Born into a
family of longtime boat builders and inspired by his father's Air
Force career, Reid has been challenging the seas with lengthy voyages
since age 19, when he first sailed from Hawaii to New Zealand in 1971.
It was during this time that he met and was influenced by France's
Bernard Moitessier, the first man to sail nonstop around the world.
feature written about the Explorers Club of New York by Conde Nast
Traveler describes Reid as being the "genuine article, with an old-fashioned
spirit of adventure" and "a man with that rare combination of unbridled
passion and impetuosity." Nicholas Sullivan, president of the Explorer's
Club, adds that "By virtue of his Voyage of 1000 Days, Reid will be
one of the greatest explorers ever."
Stowe and his extraordinary spirit of adventure, as reflected in the
Ocean Odyssey, have attracted quality media coverage in recent years.
American publications, including NY Times, NY Magazine, Outside, French
News NYC, Cruising World, Motor Boating & Sailing, Ocean Navigator,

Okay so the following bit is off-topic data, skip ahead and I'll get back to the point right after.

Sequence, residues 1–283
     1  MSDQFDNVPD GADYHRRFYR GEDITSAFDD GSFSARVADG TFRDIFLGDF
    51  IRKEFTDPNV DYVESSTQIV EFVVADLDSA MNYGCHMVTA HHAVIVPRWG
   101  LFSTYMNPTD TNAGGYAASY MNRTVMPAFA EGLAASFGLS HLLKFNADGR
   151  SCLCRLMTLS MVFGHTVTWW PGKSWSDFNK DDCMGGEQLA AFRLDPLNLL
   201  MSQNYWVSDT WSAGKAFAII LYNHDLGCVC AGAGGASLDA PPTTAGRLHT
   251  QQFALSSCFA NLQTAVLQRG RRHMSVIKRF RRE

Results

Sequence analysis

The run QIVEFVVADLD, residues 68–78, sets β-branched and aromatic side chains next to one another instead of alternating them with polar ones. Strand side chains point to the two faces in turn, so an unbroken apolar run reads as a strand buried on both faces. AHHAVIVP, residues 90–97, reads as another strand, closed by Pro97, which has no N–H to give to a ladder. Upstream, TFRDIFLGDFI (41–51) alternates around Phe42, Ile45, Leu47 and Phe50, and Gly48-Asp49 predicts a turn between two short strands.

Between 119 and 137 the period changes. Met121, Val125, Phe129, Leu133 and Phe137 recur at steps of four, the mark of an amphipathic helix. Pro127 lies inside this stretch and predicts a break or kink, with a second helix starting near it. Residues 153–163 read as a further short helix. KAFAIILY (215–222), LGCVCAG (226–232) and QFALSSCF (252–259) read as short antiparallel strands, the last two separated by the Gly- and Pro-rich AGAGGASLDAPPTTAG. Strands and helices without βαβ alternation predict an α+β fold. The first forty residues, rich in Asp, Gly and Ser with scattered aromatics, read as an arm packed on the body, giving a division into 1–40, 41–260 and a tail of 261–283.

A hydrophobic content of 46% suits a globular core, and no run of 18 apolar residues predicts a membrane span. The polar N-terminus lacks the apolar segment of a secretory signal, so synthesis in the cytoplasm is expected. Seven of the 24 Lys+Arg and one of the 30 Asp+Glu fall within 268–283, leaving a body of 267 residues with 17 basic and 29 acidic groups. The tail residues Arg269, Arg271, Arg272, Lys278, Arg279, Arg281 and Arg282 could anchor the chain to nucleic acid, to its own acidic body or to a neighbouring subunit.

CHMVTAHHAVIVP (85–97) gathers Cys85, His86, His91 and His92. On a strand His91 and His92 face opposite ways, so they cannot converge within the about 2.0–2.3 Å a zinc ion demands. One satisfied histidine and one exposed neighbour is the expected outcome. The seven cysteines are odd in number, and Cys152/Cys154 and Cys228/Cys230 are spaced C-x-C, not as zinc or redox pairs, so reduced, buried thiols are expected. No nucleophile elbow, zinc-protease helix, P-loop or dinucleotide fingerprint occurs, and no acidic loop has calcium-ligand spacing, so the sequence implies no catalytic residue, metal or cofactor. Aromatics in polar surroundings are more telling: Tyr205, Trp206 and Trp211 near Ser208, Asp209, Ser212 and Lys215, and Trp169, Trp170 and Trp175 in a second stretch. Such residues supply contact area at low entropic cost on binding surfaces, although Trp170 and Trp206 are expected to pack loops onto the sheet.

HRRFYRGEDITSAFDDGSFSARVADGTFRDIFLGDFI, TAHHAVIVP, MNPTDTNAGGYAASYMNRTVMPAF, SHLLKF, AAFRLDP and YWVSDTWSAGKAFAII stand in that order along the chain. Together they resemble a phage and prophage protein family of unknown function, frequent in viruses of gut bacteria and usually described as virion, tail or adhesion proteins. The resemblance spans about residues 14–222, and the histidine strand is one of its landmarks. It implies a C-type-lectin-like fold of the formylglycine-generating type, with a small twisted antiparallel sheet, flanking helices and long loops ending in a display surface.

Boat International, NY Sunday Magazine, Off Shore, Conde Nast Traveler,
Sea Frontiers Magazine, Sail, Ad Astra National Space Magazine, and
Blue Magazine, as well as the international periodicals Nautical Scene,
Yacht, Journal du Dimanche, and Sud Ouest have carried articles on
what will in all likelihood be a historic voyage-with global participation
via floating technological linked to interactive website available
for global participation.
from New Zealand, Reid built a 1400-pound catamaran and ventured for
three years across the Atlantic Ocean and back, then up the Amazon
River-all without benefit of radio, electronics, or motor. In 1976,
brimming with knowledge and confidence, Reid began preparing for a
challenging six-month voyage to the Antarctic. With the help of family
and friends, he designed and built, in a year and a half, what he
terms "the ultimate long distance, heavy weather sailboat," a 70-foot
and 60-ton gaff-rigged schooner that he named Anne, in honor of his
mother. For six months in 1986, Reid and a crew sailed her to Antarctica,
"where few boats venture due to the extremely dangerous conditions."
is currently embarked on the longest nonstop sailing expedition in
history – a 1000 day nonstop voyage which will not be completed at
the time of the 2009 Atlantica I Expeditions. However, Reid
will be accompanying the Atlantica I crew by satellite telephone and
will be the only “virtual crewmember”, linking the two historic expeditions
together on several occasions during the Atlantica I mission.